Outline how an operating system hides the complexity of the hardware from users and applications.


Teaching Note:

Students should be aware of a range of examples where operating systems virtualize real devices, such as drive letters, virtual memory, input devices, the Java virtual machine.

INT Issue of localization causing compatibility problems between systems in different countries.


Sample Question:


JSR Notes:


A good way to frame this assessment statement point is to remember that one of the main aims of the operating system is indeed to cut down on the complexity seen by the user, and thereby making the proceess of using the computer easier and straight-forward. One way of looking at it is that it "dumbs down" the skills and knowledge needed to operate a comptuers. ***Do note, though that this is focused on hiding the complexity of hardware only, so do GUI elements which make our lives a lot easier by hiding behind-the-scenes complexity.

So for example, the user need not know whether or not the memory that a particular application is using is real (RAM) memory or virtual memory - it's like the OS is saying "No, no, don't worry about those details, I'll handle that; you just go about what you were doing..."


(Teaching Note example 1:) Drive Letters

What is meant by "drive letters" in the teaching note is simply the C: or E: that we see representing our hard drives or other devices on a Windows computer. The hard drive (the prime hard drive of a Windows maching is usually called the "C" drive) is a very complicated piece of equipment, and the organization of its data is quite sophisticated, but all we need to know/see is it's name "C", and the name of the folders and files as represented to us in the Windows Explorer (or indeed in the Mac Finder).

Furthermore, you may see "C" and "D" and "E" drives, but they may all be on the same hard drive, or separate ones, it doesn't matter to you. All that matters to you is that you have your System files on C, your music on D and your server on E asdfasdfasdfasd.

And in fact, the physical organization of the data on the hard drive of comptuer is not as it is logically communicated to us - in a simplified, ordered way in the Finder. Such things as the File Allocation Table, all the various pointers and addresses, the fragmented nature of files, and so on, are not what we see when we open a Finder window; that complexity is all hidden from us. In fact, there are many System files theselves which are hidden from us, and we must know some Terminal tricks to show them. Even the System Library is now, by default, hidden from Mac users (though you can simply hold alt and click on the Finder Go menu to access it). All we are shown is the folders and files we are likely to use, such as applications and data files. And actually, in terms of complexity hiding and "dumbing-down", the Mac dock is about as simple, and stripped down a representation of (in this case) applications on a computer as you can get.


(Teaching Note example 2:) Virtual Memory

We have dealt with virtual memory in another earlier assessment statement. Recall that virtual memory is "virtual" in that it is not real RAM, but as far as the user can see it is RAM. So here we are talking about the memory being used to store running applications and open documents, rather than storage. But it's actually the storage device (hard drive usually) that is being used as the virtual memory.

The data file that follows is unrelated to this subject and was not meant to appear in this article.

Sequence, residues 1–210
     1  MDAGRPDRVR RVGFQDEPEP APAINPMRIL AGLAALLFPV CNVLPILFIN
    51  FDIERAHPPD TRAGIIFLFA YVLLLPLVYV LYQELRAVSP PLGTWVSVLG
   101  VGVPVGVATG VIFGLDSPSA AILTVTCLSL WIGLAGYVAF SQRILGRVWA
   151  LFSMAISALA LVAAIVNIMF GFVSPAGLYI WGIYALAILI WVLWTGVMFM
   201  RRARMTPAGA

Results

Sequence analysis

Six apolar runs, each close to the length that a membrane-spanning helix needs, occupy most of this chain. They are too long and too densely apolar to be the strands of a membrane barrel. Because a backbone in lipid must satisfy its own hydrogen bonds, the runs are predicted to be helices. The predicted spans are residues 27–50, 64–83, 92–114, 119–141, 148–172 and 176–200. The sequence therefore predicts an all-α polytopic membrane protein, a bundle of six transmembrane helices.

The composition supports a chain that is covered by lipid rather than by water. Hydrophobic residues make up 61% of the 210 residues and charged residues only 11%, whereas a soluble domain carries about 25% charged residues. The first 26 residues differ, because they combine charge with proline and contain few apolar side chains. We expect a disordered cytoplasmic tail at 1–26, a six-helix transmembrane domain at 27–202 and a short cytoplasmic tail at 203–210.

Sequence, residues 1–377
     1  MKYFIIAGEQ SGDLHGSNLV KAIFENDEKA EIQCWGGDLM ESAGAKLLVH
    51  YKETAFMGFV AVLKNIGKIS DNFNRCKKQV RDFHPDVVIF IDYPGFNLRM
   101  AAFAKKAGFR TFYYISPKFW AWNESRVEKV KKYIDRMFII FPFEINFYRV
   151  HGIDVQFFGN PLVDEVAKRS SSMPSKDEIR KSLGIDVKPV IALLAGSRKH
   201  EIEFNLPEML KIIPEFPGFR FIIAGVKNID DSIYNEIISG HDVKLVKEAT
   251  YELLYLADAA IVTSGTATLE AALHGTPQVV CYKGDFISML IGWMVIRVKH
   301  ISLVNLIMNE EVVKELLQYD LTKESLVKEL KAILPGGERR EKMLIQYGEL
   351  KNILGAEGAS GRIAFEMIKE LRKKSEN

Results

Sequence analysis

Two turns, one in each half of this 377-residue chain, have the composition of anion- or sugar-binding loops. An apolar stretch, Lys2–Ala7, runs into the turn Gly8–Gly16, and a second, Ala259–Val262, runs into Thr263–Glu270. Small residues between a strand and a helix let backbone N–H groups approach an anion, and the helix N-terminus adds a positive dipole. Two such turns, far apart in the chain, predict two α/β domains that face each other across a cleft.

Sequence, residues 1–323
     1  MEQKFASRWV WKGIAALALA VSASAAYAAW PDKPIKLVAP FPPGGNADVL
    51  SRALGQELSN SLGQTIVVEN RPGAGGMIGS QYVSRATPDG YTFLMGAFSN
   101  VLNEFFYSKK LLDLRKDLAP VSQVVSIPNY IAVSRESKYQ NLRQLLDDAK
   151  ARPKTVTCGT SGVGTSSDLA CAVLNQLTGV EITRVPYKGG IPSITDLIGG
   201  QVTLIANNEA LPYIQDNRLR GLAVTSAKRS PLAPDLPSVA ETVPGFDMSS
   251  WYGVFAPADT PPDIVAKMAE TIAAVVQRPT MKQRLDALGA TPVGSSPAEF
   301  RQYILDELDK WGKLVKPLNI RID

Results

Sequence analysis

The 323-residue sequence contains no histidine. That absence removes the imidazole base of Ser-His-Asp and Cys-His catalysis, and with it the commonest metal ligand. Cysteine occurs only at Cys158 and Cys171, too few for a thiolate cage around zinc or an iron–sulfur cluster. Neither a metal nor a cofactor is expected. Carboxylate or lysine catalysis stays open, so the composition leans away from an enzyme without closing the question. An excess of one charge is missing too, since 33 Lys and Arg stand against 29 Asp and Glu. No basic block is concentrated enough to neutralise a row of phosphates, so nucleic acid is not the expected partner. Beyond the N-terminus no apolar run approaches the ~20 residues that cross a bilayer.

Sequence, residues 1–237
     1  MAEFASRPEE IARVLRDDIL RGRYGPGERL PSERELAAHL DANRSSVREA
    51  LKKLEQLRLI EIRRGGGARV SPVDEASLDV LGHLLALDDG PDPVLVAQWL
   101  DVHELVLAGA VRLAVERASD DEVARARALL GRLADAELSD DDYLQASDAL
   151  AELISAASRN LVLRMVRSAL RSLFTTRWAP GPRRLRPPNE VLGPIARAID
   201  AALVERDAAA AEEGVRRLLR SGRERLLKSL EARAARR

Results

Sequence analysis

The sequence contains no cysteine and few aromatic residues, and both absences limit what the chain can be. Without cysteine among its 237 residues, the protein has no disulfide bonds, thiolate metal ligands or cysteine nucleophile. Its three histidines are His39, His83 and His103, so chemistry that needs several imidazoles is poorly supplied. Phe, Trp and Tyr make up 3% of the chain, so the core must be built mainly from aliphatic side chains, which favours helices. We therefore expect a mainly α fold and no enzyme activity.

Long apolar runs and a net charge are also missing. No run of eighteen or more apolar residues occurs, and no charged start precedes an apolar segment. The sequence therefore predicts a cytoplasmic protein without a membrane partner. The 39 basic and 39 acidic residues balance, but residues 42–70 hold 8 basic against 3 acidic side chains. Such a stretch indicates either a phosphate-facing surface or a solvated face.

When the real RAM starts to get full, certain parts of applications and open data documents can get shifted into a part of the hard drive which is relatively fast. Still, virtual memory will never be as fast as real RAM memory.

But the point here is that the OS hides the fact that it is the hard drive being used as (RAM) memory along with the real RAM.


(Teaching Note example 3:) Input Devices

I think what they mean here is that when you plug in any peripheral, the OS looks after it. We don't have to install and deal with drivers to work with input devices such as a mouse or joy stick; the OS has the ability to handle such input peripherals.


(Teaching Note example 4:) Java Virtual Machine

The "Java Virtual Machine" is a unique and complex way that the programming language Java uses to get around having to have a different version of an application compiled for each operating system. Rather, the higher level Java program is only "half-comiled" to a generic form called byte code. Then, via specific (software) virtual machines installed on specific computers, that byte code is further compiled to its final maching code state of 1s and 0s which can be read by the specific architecture of a specific comptuer - Windows, Mac, Linux, or whatever.

So getting to the point of this assessment statement, the fact that all of this is happening behind the scenes does not have to bother the user - it is for all intents and purposes hidden from them (once they first install Java on their machine).

Brief summary of the Java Virtual Machine Process

1. When compiling a Java program, it only compiles to a general/generic form, called byte code.

2. Then, the indivual machine (either Mac, or Windows, or Linux, etc.) uses it's Java Virtual Machine (which is actually software, not another computer) to translate the code into commands that particular machine can understand and execute.



Other Hardware Examples:

RAID - "Redundant Array of Independent Disks". A RAID is a combination of several hard drives to accomplish one of two things, or both: backup where the same data is on two different drives, and stripping, in which data is divided between two drives, so that both reading and writing take half the time.

The RAID hides the fact that you have 4, for example, hard drives (mirrored and stripped), because via your operating system, on your desktop, you just see one.

(Though, is it the RAID controller hiding the complexity or is it the OS?? Both probably.)